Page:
Of course with a new season of SUPERGIRL we also have the series main cast returning to the show – though how long for some is yet to be seen. Melissa Benoist doesn’t miss a beat as she returns to her Kara/Supergirl character with ease. She continues to be as charming as ever, and perhaps even a bit more mature since last we saw her. This is skipping ahead a little bit, but I was overcome with joy when she decided to shoot straight with Jimmy (Mechad Brooks) about the status of their relationship. Honestly, I applaud the writers for ditching this angle to the Jimmy and Supergil dynamic. As someone who has endured some agonizing dating scenarios via any of The CW’s super hero programs, I’m pleased to know that SuperOlson won’t become a thing.

In relation to the plot, it should be very interesting to see what adding the character of Mon El (he’s that guy that Supergirl and Martian Manhunter found in the Kryptonian pod that crash landed in National City at the climax of Season 1) will do for the show going forward. And speaking of new characters, I’ve got to give it up to the inclusion of Lex Luthor’s adopted sister, Lena – played by the beautiful Katie McGrath. Not only do we no longer have to stare into the narcissitic void that was Maxwell Lord, Lena’s character appears to carry a mystery inside her – as opposed to simply coming off as the show’s new high-powered ice queen. I’ll be curious to discover if Lena’s intentions to pull the Luthor family name from the wreckage are genuine, or if she’s harboring the sort of dark secrets that landed her brother in maximum security prison. 

Thinking back on the events of this episode, I feel as if the future of SUPERGIRL is a bright one. This episode had a little bit of everything that made the first season so undeniably charming – save for that bogus finale where rather than an epic beatdown we got a sappy speech and a pizza party as the season’s farewell note. I found myself audibly cracking up at several of the jokes that were peppered throughout this episode as well. The scene in which Alex (Chyler Leigh) remarked to Kara that her cousin smells particulalry good nearly made me spit out my mouthful of Red Bull. And hey, I’m a sucker for a good Cat Grant (Calista Flockhart) pep talk, alright? In the moment when she’s having a heart-to-heart with Kara, saying, “We all get used to our own personas,and are used to our own comfort zones. Trust me, in  order to live we must keep daring, keep diving.”, I admit that I experienced a bit of the warm and fuzzies. To which she then reverted right back to being the razor-edged, no nonsense woman that we I know and can’t help but love.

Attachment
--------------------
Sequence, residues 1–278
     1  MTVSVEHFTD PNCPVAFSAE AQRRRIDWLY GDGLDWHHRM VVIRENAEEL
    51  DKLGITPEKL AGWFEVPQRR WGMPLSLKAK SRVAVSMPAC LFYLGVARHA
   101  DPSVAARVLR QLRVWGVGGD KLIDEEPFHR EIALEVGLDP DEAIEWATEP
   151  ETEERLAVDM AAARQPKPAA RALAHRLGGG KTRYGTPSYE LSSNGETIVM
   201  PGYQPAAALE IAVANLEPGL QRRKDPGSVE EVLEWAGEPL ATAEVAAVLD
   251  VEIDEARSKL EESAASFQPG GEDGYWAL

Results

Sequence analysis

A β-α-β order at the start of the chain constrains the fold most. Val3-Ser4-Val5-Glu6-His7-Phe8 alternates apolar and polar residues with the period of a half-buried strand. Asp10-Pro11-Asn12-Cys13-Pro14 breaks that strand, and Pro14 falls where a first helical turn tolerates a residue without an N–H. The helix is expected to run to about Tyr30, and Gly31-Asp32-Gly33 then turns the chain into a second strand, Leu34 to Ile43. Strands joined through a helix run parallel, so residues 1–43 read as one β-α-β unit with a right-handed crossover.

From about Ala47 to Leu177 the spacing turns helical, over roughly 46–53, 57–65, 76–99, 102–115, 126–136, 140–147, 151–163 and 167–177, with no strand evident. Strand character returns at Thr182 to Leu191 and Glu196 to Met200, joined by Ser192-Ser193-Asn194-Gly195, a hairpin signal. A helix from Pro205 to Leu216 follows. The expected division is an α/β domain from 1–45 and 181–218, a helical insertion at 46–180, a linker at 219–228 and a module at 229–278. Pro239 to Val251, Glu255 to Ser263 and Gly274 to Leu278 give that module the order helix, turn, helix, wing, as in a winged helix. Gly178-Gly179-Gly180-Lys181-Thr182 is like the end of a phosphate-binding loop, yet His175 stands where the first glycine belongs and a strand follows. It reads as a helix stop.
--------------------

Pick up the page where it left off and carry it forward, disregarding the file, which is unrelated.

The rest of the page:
All around I think The CW’s SUPERGIRL is off to a fantastic start. The most important thing about the show’s return for me was that it maintained the heart and optimism that helped seperate itself from the remaining DC-related programs. So far it looks to be doing that quite well and I can’t wait to see how the show continues to soar to new heights throughout this 22-episode-long season. With our first villain revealed in the episode’s final moments, it sure will be interesting to see if the combined power of both our caped Kryptonians will be enough to stop the chaos that always follows in the wake of Metallo, DC’s Kryptonite-powered cyborg.


STINGER: Episode 2: The Last Children of Krypton – Supergirl ends up seriously injured during an attack on National City by a kryptonite-powered villain; and Superman puts the blame for his cousin getting hurt on Hank, because the kryptonite was stolen from the DEO. Meanwhile, Kara’s first day at her new job doesn’t go as planned after she meets her new boss, Snapper Carr.




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About the Author

Born and raised in New York, then immigrated to Canada, Steve Seigh has been a editor, columnist, and critic since 2012. He started with Ink & Pixel, a column celebrating the magic and evolution of animation, before launching the companion YouTube series Animation Movies Revisited. He's also the host of the Talking Comics Podcast, a personality-driven audio show focusing on comic books, film, music, and more. You'll rarely catch him without headphones on his head and pancakes on his breath.